A Russian Orthodox bishop has lowered a “holy memorial capsule” into the sea at the North Pole in an attempt to “consecrate” the Arctic and reassert Moscow’s claims to the territory.The service was held by Bishop Iakov on the ice alongside the nuclear icebreaker Rossiya during a polar expedition titled “Arctic-2012”, organised by the country’s Arctic and Antarctic Research Institute.
The metal capsule carried the blessings of the church’s leader, bearing the inscription: “With the blessing of Patriarch Kirill of Moscow and All Russia, the consecration of the North Pole marks 1150 years of Russian Statehood.”
The Kremlin is keen to claim the hydrocarbon riches off its northern coast despite territorial claims from other governments, and is gradually re-militarising the area.
A conservative Moscow think-tank suggested in July that the Arctic Ocean should be renamed the “Russian Ocean” and this week it was announced that MiG-31 supersonic interceptor aircraft will be based in the region by the end of the year.
Patriarch Kirill, the head of the Russian Orthodox Church, is a close ally of President Vladimir Putin, who says exploiting oil and gas reserves in the North is a “strategic priority”.
At the North Pole, the bishop’s service was attended by a small group of scientists and the Rossiya’s captain Oleg Shchapin.
It was held during an expedition to find a floe suitable for Russia’s 40th drifting polar research station and to deliver a 17-strong team to man the outpost for the next year.
The consecration earlier this month highlights Russia’s urge to claim international waters beyond its continental shelf because of underwater ridges it says are attached to the mainland.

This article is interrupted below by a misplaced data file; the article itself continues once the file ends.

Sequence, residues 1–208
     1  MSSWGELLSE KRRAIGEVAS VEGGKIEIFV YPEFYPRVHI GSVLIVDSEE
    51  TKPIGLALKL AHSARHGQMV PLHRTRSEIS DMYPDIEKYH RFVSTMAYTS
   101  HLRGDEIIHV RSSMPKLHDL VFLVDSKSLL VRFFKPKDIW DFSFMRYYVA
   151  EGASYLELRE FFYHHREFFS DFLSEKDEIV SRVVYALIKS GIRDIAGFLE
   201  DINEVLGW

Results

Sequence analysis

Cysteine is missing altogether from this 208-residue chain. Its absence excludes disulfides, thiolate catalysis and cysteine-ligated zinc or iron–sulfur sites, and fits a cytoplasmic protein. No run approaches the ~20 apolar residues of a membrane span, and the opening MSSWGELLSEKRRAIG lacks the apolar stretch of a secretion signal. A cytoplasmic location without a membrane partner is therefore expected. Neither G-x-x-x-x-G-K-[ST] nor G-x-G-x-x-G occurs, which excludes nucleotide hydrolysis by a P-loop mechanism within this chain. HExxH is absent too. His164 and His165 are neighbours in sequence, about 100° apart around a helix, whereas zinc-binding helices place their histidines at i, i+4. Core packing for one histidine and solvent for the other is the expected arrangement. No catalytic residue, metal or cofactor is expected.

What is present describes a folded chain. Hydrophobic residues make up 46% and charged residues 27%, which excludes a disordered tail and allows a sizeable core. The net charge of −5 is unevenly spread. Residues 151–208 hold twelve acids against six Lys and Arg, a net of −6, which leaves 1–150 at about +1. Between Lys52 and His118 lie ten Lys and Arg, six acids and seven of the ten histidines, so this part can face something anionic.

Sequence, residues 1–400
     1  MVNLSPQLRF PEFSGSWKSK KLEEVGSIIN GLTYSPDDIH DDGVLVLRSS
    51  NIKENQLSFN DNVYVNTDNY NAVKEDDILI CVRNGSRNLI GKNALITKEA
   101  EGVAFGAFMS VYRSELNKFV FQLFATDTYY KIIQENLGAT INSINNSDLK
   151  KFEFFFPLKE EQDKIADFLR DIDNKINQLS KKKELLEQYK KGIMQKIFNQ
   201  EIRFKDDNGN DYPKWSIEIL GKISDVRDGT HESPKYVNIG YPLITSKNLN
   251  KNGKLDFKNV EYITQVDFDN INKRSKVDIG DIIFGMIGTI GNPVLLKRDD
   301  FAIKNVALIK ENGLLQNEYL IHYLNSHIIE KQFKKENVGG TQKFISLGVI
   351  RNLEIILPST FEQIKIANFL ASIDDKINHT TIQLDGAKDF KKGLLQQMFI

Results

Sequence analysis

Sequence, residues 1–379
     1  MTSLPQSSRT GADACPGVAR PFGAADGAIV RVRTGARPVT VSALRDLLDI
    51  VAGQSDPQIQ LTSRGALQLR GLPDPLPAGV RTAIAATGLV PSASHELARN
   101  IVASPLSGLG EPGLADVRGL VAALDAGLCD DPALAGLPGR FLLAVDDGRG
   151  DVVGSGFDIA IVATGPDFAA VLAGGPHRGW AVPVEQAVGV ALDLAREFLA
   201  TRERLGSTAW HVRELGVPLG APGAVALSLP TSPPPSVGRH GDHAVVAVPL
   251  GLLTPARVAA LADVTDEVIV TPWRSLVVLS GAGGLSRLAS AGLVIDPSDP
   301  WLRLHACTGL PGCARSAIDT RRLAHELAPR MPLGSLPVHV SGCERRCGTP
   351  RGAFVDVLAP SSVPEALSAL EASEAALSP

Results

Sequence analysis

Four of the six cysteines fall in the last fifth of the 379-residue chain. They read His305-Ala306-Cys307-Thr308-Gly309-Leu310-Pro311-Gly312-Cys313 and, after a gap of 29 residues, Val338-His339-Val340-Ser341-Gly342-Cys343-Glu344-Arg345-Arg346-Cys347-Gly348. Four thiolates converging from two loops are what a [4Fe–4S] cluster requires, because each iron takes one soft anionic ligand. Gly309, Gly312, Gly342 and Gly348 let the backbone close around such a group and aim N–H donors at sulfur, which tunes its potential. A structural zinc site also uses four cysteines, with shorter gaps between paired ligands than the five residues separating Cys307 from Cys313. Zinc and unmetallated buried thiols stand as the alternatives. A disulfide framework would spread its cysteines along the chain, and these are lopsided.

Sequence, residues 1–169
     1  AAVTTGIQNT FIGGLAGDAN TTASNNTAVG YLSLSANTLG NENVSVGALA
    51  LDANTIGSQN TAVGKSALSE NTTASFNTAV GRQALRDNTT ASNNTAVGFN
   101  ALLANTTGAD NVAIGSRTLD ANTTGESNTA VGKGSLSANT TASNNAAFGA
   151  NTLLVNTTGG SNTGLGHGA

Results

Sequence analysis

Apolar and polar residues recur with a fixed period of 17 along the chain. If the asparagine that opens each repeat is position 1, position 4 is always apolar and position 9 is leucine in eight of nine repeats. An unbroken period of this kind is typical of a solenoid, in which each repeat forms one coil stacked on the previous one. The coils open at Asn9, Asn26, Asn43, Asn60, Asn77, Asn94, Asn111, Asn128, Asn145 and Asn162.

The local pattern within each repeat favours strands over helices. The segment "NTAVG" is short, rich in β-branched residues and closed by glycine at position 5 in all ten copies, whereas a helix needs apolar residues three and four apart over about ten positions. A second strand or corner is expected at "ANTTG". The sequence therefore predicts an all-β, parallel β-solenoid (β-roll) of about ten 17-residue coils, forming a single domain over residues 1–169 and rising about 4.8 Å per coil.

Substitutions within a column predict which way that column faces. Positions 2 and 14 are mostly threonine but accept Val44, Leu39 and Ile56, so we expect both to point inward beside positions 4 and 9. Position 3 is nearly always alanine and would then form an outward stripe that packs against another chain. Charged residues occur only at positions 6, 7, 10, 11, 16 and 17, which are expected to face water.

Bishop Iakov, who is thought to be the first Russian priest to visit the pole, emphasised that the consecration symbolised efforts “to restore Russia’s position and confirm its achievements in the Arctic”.
In 2007, in another political move, Russia planted its flag on the seabed below the polar ice cap using a remotely operated mini-submarine, symbolically laying claim to the surrounding area.
The Rossiya carried on its voyage an icon and holy relics of St. Nicholas the Miracle Worker, the patron saint of sailors, normally kept in the diocese’s main church on dry land.
Bishop Iakov was appointed last year as bishop of the newly created, most northerly diocese of Naryan-Mar and Mezen, which lies inside the Arctic Circle on the White and Barents Seas.
The diocese includes the islands of Novaya Zemlya and Franz Josef Land, where airfields have recently been upgraded by the Russian Air Force as operational strategic bomber stations.
One airbase on Graham Bell Island boasts a 7,000-foot year-round compacted ice runway.
Bishop Iakov has taken part in other polar missions, sailing the length of the contested Northern Sea Route between Scandinavia and Alaska along Russia’s Arctic coast, which Russia claims and seeks to charge ships for using like the Panama Canal, but is regarded by most other countries as international waters.
In 2004 the bishop consecrated an Orthodox church in Antarctica at Russia’s Bellingshausen research base.
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